Marcia Chadly Head Shot 2012Marcia Chadly is a lover of color, creativity, and community; she appreciates the sacred space found in all of them.  Marcia values self-knowledge, growth, and renewal as key to living the life calling you and as a stepping stone to being in community with and in service to others.  She lives that value as Director of the Creative Life Center in the Denver Metro area of Colorado.  The Creative Life Center offers a variety of classes and events to support you from where you are to where you want to grow.  Visit to learn more.

Click here to read all the guest posts in the Monk in the World series>>

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13 Responses

  1. I have almost deleted my link to Creative Life Center since the events take place in Colorado and I live in Florida. Something kept me from doing this as I enjoy reading about such life-affirming events even if I can’t take part. THEN your blog. It resonated to my toenails and sparked those creative sparks at the top of my brain! There was an e-course I could subscribe to even though I don’t have the financial means (I will donate when I can) and I am so . . . words fail. Inspired? Excited? I have been painting for the end result when what I wanted was to mindfully participate in the process. Thank you so much.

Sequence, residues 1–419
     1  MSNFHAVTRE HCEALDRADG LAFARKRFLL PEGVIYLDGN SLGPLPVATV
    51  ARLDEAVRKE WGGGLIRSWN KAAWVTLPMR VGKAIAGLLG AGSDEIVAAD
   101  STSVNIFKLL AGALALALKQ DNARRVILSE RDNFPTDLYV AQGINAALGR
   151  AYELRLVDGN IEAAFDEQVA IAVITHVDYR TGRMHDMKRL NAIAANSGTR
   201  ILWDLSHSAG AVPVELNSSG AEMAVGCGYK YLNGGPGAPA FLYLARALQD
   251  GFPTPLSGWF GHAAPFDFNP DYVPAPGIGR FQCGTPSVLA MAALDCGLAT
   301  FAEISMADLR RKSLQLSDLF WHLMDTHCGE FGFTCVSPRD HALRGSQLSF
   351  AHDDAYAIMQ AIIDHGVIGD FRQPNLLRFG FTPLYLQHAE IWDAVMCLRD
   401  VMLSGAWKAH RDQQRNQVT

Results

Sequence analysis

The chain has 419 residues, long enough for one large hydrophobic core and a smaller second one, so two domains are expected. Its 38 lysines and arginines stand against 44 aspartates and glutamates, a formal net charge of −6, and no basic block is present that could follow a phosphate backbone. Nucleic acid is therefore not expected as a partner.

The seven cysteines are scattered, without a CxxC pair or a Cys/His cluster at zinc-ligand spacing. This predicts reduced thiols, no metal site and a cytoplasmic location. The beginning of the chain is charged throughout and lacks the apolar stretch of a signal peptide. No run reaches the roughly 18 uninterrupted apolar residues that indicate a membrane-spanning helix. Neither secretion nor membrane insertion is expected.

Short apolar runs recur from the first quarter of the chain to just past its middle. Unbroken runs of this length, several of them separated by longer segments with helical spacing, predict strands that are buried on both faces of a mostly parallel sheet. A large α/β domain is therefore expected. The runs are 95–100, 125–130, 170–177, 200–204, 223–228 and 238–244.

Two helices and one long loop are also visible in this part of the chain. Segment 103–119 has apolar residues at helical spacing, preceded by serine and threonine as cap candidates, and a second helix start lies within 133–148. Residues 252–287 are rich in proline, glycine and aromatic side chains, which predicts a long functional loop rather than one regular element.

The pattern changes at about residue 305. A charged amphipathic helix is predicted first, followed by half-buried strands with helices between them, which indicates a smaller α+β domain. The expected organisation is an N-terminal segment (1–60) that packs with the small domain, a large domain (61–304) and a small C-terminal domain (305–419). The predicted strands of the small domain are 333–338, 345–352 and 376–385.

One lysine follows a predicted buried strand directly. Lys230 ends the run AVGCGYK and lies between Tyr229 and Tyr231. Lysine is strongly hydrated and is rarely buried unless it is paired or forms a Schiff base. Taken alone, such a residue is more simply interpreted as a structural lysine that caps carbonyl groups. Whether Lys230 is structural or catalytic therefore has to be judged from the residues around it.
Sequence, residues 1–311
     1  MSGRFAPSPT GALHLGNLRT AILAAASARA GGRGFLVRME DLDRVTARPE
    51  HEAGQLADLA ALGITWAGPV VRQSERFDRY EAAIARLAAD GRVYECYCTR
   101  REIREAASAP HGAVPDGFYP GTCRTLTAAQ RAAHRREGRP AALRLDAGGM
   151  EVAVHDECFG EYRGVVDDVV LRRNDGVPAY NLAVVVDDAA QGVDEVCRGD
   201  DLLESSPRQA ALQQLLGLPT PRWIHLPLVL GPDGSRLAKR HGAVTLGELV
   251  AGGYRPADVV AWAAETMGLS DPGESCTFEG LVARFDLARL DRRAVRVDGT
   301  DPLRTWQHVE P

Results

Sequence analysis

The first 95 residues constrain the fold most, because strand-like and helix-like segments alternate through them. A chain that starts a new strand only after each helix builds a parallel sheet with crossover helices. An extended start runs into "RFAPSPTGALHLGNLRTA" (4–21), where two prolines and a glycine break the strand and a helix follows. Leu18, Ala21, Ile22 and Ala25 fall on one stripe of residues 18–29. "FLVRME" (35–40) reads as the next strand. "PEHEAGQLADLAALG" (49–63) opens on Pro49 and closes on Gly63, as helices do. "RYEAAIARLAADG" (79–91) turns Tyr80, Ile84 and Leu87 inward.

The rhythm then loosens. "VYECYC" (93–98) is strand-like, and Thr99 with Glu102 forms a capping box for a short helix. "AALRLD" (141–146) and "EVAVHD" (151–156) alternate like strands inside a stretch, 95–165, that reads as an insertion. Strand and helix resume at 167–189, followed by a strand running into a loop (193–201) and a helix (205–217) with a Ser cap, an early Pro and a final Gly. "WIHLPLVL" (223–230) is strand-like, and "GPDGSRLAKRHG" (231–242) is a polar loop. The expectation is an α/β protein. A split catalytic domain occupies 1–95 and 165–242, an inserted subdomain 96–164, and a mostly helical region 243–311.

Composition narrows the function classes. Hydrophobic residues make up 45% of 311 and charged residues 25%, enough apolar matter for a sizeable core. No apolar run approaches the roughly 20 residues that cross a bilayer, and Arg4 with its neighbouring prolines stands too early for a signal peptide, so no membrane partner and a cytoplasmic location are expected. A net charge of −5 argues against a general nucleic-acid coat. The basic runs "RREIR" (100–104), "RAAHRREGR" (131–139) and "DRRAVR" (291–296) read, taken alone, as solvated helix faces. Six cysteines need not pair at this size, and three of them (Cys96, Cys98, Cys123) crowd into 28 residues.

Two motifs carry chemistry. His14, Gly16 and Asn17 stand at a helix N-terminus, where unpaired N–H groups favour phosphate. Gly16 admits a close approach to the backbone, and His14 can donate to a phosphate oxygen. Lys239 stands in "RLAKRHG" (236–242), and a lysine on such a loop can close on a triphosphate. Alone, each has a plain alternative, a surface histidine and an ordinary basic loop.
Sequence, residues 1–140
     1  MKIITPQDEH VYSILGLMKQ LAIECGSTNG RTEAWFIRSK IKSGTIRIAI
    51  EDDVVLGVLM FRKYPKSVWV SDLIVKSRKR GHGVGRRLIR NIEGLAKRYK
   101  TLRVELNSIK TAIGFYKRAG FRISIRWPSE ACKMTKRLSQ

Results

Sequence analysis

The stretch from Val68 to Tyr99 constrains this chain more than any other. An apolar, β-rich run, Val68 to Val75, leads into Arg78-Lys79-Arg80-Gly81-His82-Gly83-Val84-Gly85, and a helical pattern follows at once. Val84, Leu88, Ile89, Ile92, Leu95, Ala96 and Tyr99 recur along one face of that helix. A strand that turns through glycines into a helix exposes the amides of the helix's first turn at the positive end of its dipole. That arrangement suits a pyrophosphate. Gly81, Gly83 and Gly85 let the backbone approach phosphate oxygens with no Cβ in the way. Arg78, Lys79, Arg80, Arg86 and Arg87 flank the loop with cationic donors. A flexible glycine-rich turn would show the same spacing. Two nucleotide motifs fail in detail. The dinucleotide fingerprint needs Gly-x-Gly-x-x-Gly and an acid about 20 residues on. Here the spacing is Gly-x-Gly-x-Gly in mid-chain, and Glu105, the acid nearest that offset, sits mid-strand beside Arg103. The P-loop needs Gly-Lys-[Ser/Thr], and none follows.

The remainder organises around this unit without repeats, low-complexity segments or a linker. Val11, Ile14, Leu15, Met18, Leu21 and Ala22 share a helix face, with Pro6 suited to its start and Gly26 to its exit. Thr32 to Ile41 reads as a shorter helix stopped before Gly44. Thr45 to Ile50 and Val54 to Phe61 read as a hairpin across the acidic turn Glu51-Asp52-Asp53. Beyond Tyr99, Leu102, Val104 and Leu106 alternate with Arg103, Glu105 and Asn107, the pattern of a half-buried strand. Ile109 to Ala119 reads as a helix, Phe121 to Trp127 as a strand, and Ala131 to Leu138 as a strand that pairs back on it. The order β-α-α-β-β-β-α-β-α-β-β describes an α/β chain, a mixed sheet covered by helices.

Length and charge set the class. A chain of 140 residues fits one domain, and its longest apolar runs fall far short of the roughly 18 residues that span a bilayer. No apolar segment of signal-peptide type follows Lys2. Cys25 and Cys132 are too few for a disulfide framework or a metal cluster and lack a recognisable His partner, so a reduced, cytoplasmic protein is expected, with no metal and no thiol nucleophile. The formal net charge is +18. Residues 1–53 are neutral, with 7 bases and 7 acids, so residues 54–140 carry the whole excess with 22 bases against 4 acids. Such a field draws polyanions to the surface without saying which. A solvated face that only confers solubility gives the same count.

1. Hi Bev,

      Your words warmed my heart! I am so thrilled to be a part of your aha moment about creating to experience the process rather than have an end result. :-) I would love to hear more about how your painting experience changes.

      The Creative Life Center is only doing in person classes right now. The experience of being together in community is so much richer. But who knows, we may do e-courses in the future.

      Our email list does have choices about what email you receive, so if you would like to get my blog posts and our newsletters (in both of which I aim to give ideas and inspiration that don’t require being local) and to not get the event email, click the update subscription link at the bottom of any email from the Center. But you are more than welcome to keep reading about the events – maybe you can search for related events around you?

      If you are a Facebook person, you could connect with the Center Facebook community at I post and share ideas about personal and spiritual growth there also.

      Thanks again for brightening my morning! Marcia

  2. Marcia, this is beautiful. As I read your description of the process of contemplative art, the blank page, the layering, the emphasis on the process of creation rather than the end result – I was reminded how similar this is to mindfulness practices! Indeed, this is yet another way of practicing mindfulness and allowing our lives to be led from the heart.

    1. Lisa,

      I hadn’t thought of this as mindfulness but you are right. I do become mindful and present when doing contemplative drawing. So I have more of a mindfulness practice than I thought. :-)

      Thanks! Marcia

  3. I’m moved by how you’ve described your experience and seeing your art. What you have written is a fine reminder of trusting the unknown and the gifts it has to offer. Many thanks!

    1. Thanks Melinda! I have an easier time remembering that when drawing than I do in life – but I’m getting there. :-)

  4. Thank you Marcia. This is so lovely, descriptive. You make this practice accessible with your invitation and sharing.

    1. :-) Thank you Jeanette. I’m so glad to be able to share something that has been so special in my life and is open to anyone to enjoy! I hope that you play with it.